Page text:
Topic: "Vom Winde Verweht" (2)
Old times are not soon forgotten in the Shire. Nearly every day Frodo is reminded, by a mellifluous reference, to some ancient bygone which lingers, just below the surface. In simpler terms, there is an abiding belief that, sooner or later, justice will be done, and things returned to the way God intended. That is why some people saved "Dixie Cups" every time they went to a soda fountain, for years. Frodo is pleased that there are very few soda fountains, any more.
Otis W. Smith wanted to be a medical doctor, and he had all the tools, except money. About to drop out of Meharry Medical College, he was informed by Dr. Benjamin Mays that an "anonymous donor" had created more than 40 scholarships for Morehouse graduates who were attending Medical School. He went on to become Georgia's first certified pediatrician who just happened to be black. Remembering the generosity of the unknown benefactor, he subsequently created scholarships at Morehouse.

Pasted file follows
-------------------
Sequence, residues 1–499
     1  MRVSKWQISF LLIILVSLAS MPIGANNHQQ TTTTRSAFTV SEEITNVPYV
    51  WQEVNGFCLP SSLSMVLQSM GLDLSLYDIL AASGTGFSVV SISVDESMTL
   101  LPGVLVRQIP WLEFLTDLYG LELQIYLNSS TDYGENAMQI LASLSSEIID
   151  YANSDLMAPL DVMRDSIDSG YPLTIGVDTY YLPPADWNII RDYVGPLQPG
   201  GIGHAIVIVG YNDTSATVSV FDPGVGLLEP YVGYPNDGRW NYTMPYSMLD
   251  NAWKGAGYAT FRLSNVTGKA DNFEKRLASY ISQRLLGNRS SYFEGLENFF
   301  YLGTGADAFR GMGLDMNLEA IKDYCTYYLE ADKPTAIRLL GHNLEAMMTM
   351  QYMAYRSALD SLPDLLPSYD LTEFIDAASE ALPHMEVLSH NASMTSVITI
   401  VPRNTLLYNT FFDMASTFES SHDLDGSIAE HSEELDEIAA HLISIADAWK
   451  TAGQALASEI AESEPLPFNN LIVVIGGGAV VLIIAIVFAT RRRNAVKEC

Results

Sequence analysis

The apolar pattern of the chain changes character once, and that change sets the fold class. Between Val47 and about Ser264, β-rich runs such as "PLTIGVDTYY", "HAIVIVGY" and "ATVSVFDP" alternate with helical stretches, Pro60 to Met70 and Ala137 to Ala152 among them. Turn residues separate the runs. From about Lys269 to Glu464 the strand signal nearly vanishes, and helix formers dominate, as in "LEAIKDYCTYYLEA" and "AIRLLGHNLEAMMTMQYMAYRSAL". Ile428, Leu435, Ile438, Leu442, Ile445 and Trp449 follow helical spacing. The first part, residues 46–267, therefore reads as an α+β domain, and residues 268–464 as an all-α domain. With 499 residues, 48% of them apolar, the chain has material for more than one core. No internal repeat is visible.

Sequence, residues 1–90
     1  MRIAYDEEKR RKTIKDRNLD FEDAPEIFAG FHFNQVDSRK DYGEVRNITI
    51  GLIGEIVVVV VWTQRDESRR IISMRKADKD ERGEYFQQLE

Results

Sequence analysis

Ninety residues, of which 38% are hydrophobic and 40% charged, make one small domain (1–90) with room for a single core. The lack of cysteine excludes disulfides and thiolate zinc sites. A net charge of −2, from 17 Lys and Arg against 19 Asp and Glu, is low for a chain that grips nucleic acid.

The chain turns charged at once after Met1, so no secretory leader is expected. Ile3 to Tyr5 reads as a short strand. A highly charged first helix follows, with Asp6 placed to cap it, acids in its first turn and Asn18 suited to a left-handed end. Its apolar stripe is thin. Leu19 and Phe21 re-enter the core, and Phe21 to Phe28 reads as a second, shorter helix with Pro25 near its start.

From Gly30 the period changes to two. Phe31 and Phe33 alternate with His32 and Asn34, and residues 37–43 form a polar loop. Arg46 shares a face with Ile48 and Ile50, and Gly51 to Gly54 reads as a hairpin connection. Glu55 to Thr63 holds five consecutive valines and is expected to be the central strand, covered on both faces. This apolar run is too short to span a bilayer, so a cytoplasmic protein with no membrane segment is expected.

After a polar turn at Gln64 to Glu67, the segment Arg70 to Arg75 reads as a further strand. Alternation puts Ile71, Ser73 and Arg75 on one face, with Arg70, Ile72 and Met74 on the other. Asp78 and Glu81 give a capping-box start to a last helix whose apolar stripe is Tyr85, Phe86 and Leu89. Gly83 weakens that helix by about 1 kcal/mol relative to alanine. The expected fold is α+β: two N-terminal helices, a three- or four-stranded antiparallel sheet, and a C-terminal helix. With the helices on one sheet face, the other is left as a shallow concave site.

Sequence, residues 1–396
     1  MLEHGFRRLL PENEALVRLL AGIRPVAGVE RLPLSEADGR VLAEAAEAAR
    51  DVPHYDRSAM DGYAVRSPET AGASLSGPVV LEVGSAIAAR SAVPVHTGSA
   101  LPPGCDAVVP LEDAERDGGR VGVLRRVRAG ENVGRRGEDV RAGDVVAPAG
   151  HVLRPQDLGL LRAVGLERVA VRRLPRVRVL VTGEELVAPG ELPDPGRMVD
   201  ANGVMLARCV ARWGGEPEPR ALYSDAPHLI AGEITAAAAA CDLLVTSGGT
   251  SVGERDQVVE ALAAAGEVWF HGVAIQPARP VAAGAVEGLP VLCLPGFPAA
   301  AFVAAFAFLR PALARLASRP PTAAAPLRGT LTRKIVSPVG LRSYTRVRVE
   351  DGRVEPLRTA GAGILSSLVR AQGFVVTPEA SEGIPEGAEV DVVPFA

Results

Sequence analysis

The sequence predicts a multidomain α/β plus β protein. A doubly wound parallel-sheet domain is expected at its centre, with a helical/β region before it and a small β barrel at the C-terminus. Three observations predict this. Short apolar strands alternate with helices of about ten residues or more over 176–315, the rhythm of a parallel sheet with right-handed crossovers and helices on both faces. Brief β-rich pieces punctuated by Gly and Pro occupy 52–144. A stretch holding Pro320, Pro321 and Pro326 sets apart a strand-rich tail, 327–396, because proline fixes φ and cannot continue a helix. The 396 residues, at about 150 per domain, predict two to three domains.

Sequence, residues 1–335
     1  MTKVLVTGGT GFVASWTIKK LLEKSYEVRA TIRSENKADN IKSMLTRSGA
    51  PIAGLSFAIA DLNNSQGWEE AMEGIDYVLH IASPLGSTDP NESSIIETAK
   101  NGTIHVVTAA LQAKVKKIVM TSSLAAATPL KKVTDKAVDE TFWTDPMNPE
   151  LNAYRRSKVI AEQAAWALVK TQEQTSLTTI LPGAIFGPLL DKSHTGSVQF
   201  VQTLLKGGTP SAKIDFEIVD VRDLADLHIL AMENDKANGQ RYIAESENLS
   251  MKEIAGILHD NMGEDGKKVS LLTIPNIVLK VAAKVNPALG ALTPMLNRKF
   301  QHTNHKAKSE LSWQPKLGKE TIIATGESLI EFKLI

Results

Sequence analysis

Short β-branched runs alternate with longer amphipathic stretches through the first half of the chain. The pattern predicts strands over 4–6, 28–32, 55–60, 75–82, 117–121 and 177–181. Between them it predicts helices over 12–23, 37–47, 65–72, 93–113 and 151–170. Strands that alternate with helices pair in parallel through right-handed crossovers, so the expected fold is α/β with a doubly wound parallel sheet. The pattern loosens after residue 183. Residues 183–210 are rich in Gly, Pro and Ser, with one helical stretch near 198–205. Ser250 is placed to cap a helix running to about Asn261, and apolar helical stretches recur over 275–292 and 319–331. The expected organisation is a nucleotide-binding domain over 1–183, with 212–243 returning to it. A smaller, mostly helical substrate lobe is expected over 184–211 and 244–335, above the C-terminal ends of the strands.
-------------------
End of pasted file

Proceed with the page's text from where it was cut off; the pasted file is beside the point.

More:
The story does not end there, and that is the reason for Frodo taking note of the passing of this talented, and generous, medical practitioner. You see, dear reader, Dr. Smith found out late in his own life who that mysterious benefactor had been. It was a lady named Margaret Mitchell, who just happened to believe that the black community badly needed a better level of medical care than what was received during her lifetime. If the name sounds vaguely familiar, it should be, because she wrote one of the best books ever written, and she was long reviled for her "glorification" of the "Old South" in the masterful "Gone With the Wind."
Dr. Smith wrote a personal check for $10,000 and submitted the first private contribution for the restoration of Margaret Mitchell's home in downtown Atlanta.
Indeed, dear reader, old times are not forgotten, and that is what Frodo likes about the South. Frodo has not visited that house, but now he thinks it is something he will do. His kind of people lived there.
"Vom Winde Verweht" is the title as translated into German. Frodo first saw the movie, before he had read the book, in Frankfurt in German (without subtitles), and he cried, although a little slower than the German audience.